Over the past 20+ years, we have helped over 5,000 entrepreneurs and business owners create business plans to start and grow their mobile apps. On this page, we will first give you some background information with regards to the importance of business planning. We will then go through a mobile app business plan template step-by-step so you can create your plan today.
What Is a Business Plan?
A business plan provides a snapshot of your mobile app as it stands today, and lays out your growth plan for the next five years. It explains your business goals and your strategy for reaching them. It also includes market research to support your plans.
Why You Need a Business Plan
If you’re looking to launch a mobile app or grow your existing mobile app you need a business plan. A business plan will help you raise funding, if needed, and plan out the growth of your mobile app in order to improve your chances of success. Your mobile app business plan is a living document that should be updated annually as your company grows and changes.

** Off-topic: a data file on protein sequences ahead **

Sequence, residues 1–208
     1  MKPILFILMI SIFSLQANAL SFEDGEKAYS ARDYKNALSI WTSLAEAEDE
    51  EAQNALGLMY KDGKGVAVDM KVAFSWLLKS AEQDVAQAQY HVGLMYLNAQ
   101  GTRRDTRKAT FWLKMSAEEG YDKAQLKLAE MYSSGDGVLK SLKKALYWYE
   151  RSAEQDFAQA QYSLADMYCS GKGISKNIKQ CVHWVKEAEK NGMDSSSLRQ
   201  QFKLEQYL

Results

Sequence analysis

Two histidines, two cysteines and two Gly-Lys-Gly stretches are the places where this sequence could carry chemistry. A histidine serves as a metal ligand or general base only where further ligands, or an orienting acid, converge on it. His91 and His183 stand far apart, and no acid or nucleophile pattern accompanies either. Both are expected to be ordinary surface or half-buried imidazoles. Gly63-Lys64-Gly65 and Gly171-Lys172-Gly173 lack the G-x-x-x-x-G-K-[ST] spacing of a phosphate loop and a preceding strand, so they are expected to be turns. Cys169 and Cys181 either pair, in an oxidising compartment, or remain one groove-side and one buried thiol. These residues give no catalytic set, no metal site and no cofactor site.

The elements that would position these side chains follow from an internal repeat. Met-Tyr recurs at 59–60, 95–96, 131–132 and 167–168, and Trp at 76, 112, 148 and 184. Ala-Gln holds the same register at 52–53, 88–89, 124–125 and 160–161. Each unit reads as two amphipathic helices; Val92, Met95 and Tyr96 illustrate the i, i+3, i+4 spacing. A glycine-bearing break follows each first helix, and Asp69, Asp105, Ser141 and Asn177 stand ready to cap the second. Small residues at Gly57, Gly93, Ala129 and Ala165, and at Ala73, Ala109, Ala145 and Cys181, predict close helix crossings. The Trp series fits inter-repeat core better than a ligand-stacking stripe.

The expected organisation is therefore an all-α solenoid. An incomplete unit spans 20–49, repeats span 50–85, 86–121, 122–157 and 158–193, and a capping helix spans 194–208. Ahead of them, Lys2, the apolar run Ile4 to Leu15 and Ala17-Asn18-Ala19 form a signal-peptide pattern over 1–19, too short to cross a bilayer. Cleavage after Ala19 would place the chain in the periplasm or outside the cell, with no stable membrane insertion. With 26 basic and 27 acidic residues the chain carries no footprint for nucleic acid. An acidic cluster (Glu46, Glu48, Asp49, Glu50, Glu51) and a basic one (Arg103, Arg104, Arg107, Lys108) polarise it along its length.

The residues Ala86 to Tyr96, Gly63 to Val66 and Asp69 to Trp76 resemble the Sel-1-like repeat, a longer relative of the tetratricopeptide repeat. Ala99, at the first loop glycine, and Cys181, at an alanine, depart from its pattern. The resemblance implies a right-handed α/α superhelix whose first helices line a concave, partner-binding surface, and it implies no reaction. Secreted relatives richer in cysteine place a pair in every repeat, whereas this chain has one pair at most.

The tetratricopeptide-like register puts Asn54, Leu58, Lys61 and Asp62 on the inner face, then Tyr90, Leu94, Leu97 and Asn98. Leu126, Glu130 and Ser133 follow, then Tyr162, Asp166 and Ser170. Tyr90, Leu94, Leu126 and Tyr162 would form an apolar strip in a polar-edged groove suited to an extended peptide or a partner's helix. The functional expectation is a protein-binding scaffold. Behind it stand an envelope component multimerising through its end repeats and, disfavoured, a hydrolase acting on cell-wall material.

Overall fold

Source of Funding for Mobile Apps
With regards to funding, the main sources of funding for a mobile app are personal savings, credit cards, bank loans, angel investors and venture capitalists. With regards to bank loans, banks will want to review your business plan and gain confidence that you will be able to repay your loan and interest. To acquire this confidence, the loan officer will not only want to confirm that your financials are reasonable. But they will want to see a professional plan. Such a plan will give them the confidence that you can successfully and professionally operate a business.